We are well and truly off the beaten path now…English is virtually non existent and every little action is becoming more and more challenging. We checked into the best hotel that we have stayed in since leaving Australia when we arrived in Guiyang. Sadly it also had the worst wifi since we left too.
While the hotel was lovely there are a few elements that make it uniquely Chinese and a little odd to say the least. There does not seem to be any service elevator so guests share the elevator with staff going about their business. As we have noticed throughout China if you wait…you lose…so people push and shove to get onto buses, taxis, trains etc. that is just China and you get used to it…but when a cleaner races a guest to the lift and pushes door close so that the guest has to wait for the next lift well that is another story. And this goes for the laundry dudes filling the lifts while you stand waiting to use them, and the restaurant staff taking food to the kitchens etc. The service staff however do allow guests first use.
The hotel was right next to an amazing food street which we spent most of our time eating at. Great food, dirt cheap…the only trouble was getting access to coffee and ordering in a town with little or no English. The town is also home to one of the largest statues of Mao Zedong across the road from yet another stunning park and square (something China does like nowhere else).
We spent a day hiking around the 1000 acre park in the middle of town which was essentially a massive forested hilly area. Having schlepped it up most of the mountain Jill decided we could catch the cable car back (why we didn’t catch it up was apparently my fault)…so we started on a journey of stairs up the mountain. Half way up we met some locals who said there was nothing at the top. I stopped…Jill kept going…20 minutes later she returned regaling me of the beauty that was the mobile telecommunications repeater tower.
Next we headed for the town of Anshun which has even less English but is the launching point for the Longgong Dragon Caves and the Huangguoshu Waterfall which is the tallest in China. We looked at the caves and they are quite expensive and as tackily commercialised as a thing could be… so after some thought we decided to boycott the caves. We aimed to hit the waterfall and headed for the bus station…after much walking we failed. So we got our return train ticket to Guiyang extended by a day, hopped a local bus and headed for the inner city sights.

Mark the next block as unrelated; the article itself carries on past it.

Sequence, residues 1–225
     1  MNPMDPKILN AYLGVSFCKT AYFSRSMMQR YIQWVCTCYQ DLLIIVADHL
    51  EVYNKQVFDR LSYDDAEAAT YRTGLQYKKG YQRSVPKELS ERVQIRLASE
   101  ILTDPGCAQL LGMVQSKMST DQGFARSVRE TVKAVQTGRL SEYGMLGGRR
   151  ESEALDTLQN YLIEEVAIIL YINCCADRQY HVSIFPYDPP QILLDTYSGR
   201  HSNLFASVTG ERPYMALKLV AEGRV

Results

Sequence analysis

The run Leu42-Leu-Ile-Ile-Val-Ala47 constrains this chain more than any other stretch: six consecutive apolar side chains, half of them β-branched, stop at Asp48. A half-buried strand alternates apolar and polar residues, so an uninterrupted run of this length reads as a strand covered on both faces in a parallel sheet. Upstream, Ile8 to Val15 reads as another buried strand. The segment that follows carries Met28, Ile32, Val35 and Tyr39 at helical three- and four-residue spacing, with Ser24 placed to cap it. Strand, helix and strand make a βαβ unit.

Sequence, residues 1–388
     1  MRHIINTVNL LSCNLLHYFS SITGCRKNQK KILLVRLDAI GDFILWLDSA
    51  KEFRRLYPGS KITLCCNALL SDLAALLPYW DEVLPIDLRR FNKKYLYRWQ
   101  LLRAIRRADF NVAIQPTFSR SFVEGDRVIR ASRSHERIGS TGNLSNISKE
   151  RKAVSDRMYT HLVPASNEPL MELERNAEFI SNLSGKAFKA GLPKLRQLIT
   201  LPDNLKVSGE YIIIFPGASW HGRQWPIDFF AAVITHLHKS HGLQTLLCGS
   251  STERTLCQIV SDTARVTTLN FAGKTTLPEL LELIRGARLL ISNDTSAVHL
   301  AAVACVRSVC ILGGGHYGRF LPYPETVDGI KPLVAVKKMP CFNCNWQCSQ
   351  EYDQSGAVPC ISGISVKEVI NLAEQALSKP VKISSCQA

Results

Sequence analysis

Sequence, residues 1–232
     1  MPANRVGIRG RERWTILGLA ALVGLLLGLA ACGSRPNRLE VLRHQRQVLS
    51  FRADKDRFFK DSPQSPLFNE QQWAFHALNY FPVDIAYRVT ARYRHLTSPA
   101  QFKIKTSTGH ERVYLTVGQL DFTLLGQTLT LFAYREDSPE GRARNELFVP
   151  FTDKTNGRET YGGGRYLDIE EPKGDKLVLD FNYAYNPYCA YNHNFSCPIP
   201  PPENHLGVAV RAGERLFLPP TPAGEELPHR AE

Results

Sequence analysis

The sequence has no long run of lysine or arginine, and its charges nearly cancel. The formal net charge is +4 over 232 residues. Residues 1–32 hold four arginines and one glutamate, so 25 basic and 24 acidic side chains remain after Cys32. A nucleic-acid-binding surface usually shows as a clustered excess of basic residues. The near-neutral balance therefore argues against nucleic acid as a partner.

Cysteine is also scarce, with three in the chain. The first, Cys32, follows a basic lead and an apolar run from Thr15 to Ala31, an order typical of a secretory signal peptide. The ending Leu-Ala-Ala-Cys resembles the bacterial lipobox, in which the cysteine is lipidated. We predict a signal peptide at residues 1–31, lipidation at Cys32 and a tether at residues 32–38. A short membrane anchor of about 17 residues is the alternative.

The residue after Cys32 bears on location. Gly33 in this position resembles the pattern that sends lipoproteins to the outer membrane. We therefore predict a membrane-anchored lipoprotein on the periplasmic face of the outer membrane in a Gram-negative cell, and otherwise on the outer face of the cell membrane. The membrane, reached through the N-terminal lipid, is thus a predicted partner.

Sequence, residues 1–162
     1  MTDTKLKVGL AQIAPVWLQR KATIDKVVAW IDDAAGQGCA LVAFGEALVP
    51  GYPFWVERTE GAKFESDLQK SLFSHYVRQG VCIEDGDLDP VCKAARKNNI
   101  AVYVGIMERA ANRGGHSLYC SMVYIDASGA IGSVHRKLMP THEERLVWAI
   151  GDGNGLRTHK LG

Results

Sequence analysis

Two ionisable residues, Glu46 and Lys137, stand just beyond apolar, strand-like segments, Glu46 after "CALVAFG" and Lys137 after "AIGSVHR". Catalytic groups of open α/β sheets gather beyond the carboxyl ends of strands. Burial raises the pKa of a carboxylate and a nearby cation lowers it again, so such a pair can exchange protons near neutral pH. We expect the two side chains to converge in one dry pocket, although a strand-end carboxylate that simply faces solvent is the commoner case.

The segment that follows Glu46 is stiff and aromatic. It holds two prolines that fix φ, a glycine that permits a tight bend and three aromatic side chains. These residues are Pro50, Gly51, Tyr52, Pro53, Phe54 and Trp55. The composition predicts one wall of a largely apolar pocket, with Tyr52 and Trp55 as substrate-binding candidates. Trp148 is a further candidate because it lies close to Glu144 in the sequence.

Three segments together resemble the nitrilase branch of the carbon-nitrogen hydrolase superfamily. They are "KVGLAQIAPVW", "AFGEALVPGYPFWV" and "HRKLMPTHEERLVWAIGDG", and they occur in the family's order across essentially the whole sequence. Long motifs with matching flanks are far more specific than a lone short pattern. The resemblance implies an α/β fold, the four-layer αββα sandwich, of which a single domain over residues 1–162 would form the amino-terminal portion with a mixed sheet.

We made it to the lake and the Confucius temple…now most of you would know that I am an avid studier of the writings of Confucius and as such I sought to educate my wife by advising her of some of his better known teachings. This did not go well. I think things went wrong when I advised her that “Confucius say…man who go to bed with itchy bum…wake up with smelly finger”.
The next day came and we took another crack at getting to the falls… Success. About 5 bus rides, well over $100 in park fees etc, much gesturing and no food or drink…we made it to the falls. It must be said that our lack of Chinese is really proving to be a detriment as we get into the back blocks of China.
The area is actually a series of waterfalls with the Doupotang falls being the first that we hit and the Huangguoshu being the biggest. The area is similar to Guilin and Yangshou and is full of karsts (lumps for those who have been following). The falls were stunning…a great little walk that could be (and was) done that took you behind the falls into caves that had the wall of water cascading past you…very cool.
Similar to the stone forest near Kunming, there had been a bunch of drug affected geologists who were given naming privileges in the area. As such there were very grandiose names given to rock formations such as the “Stone of Evolutionary Spirit” and the “Nine Dragon Rock”…none of these things could be seen within the rock formations without the use of mind altering hallucinogens. But anyway that was their names.
The journey to get to the waterfall was monumental…but the effort was well worth it. On the positive side…after hiking down several kilometres worth of stairs to get to the base of the waterfall and traverse in behind it in the caves with the water curtain…you find yourself at the bottom of a large mountain with the daunting task of hiking back up all of those stairs. But no…the Chinese have built a pair of extraordinarily long escalators which for about $6 will save you the pain of the climb…each escalator ride goes for about three minutes (time your next ride at a shopping centre for some perspective)…we paid.
As there is a public holiday in early May in China we were killing a bit of time so as not to be in Chengdu (the global home of the Pandas) during the peak holiday time. So we headed back and had another couple of nights in Guiyang. Our hotel while odd, backed directly onto a shopping mall with the most amazing indoor aquarium in one of its central openings. About three storeys high and full of eels, rays, gropers, turtles etc.